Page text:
Across the wider European region, almost 300 million people live in digital exclusion. We all know someone who is not connected to our information society. Yet, without strong action, this situation is seemingly accepted, since it is not ‘life-threatening’ and doesn’t impact negatively on their life in any immediately noticeable way.
Some may even be happy to be disconnected, and relish the freedom from the modern world that their disjuncture from technology provides for them. In today’s knowledge based society however, digital technologies represent a gateway to economic and social development, and without it their future potential is limited.
A failure to act strongly is a failure to take the problem seriously. These people are missing out on a wide range of life chances, employment opportunities, education choices, economic advantages, and social and community benefits. Accepting that some people will never be able to access technology, and that this is “just the way things are”, is doing these people a great disservice.
It is accepting that they cannot have wider life chances. Accepting that they do not have better employment opportunities or economic advantages. Accepting that their education choices are limited, and that their community is no worse off without their full engagement.
We know, as grassroots organisations at the forefront of digital inclusion, that these kind of outcomes are not inevitable – and to us they are not acceptable either.
Telecentres often work with people who are on the margins of society. While 40% of Europeans still gain none of the benefits related to ICT use, that percentage will grow higher if we include those who are online, but not a confident technology user. They are often the learners in telecentres, and although they don’t register as offline, they still need support to become self‐ sufficient users.
It is important that Telecentres support both groups, those people who are completely new to technology, and those who need support to stay in touch with the ever changing world of technology.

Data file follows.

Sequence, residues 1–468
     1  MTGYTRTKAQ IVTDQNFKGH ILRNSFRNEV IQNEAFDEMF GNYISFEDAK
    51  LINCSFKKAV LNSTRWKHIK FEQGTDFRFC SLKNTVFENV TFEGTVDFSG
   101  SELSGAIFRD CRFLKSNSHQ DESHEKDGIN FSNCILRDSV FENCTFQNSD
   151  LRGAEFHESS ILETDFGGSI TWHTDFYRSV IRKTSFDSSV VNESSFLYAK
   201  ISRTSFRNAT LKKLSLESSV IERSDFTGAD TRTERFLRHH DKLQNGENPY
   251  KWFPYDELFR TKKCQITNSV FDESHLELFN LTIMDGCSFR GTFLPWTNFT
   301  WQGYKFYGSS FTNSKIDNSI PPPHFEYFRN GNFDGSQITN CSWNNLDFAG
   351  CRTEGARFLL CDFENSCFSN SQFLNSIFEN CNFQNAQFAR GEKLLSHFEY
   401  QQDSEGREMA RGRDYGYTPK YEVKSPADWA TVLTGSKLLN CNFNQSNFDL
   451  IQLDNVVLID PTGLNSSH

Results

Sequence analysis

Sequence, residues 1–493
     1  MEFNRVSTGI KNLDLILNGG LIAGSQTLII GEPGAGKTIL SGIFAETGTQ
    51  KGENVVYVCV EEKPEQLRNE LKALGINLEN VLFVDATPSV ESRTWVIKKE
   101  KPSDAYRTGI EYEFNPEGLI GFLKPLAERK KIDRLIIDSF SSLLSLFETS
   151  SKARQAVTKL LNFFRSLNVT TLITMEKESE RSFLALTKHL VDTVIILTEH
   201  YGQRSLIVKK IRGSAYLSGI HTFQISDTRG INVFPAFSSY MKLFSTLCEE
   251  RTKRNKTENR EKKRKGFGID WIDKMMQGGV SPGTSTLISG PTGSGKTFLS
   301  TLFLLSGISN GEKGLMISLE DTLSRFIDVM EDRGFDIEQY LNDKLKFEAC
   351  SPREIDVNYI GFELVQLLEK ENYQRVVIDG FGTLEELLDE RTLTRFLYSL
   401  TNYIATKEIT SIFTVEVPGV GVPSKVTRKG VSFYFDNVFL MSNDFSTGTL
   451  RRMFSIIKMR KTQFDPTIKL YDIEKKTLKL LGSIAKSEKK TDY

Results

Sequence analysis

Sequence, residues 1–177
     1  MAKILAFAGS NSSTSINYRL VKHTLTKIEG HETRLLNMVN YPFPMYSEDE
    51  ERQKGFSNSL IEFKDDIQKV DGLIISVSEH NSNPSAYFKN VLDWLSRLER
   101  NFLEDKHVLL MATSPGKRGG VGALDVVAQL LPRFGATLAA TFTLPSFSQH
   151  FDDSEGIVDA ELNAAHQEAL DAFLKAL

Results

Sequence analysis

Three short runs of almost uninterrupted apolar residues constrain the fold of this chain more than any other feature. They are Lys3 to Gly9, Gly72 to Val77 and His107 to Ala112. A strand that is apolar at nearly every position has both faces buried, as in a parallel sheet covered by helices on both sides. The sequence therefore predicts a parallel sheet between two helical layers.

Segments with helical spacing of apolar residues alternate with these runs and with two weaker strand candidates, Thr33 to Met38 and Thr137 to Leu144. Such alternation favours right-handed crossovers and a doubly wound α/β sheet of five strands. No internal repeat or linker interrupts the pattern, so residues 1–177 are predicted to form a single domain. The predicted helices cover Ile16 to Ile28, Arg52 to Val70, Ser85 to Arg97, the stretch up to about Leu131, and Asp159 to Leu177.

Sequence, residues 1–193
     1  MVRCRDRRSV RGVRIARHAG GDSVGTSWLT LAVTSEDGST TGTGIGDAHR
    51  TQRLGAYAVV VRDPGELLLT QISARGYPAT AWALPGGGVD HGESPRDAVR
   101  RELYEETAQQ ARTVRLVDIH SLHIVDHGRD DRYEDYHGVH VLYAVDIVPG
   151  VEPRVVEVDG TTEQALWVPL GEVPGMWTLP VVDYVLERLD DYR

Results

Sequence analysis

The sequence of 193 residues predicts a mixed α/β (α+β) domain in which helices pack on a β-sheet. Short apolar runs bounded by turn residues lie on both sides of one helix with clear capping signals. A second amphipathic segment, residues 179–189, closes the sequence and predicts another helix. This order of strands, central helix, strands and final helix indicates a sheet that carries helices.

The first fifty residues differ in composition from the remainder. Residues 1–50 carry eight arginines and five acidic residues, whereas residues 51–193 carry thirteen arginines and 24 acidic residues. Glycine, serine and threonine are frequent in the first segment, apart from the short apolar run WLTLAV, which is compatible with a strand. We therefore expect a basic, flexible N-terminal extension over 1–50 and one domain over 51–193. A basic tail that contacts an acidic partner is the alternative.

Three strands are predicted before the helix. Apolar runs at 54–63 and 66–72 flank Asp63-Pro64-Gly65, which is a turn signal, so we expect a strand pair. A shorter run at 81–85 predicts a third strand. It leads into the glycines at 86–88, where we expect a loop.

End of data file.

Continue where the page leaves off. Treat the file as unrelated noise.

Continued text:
The 40% from the wider Europe who are still disconnected from it become increasingly difficult to reach. Reaching homeless, rurally isolated, migrant, and economically separated people can be very difficult, costly and time‐consuming
Telecentre-Europe aspires to play a prominent role in the development of a Europe-wide movement for change that will help us bring digital opportunity and equity to all European citizens. The network exists to provide the next 292m Europeans with the information skills, motivation and access that they need to benefit from, and contribute to, the knowledge economy.
Our action in forming this network, and the plans that we have for it, make a bold statement. Our message is clear: let’s include everyone, do not allow them to miss out on the benefits, choices, chances, advantages and opportunities that the information society provides, and; do not accept “digital indifference”.
Averaged usage figures indicate that telecentres work directly with at least 25 million digitally excluded citizens per year across the European region. Clearly, telecentres are a significant asset to affect e-Inclusion.
Telecentre-Europe aims at improving the capacities of telecentres throughout Europe. This increases the effectiveness of telecentres to provide citizens expertise in digital technologies, thus improving their opportunities to access to and/or success at the labour market.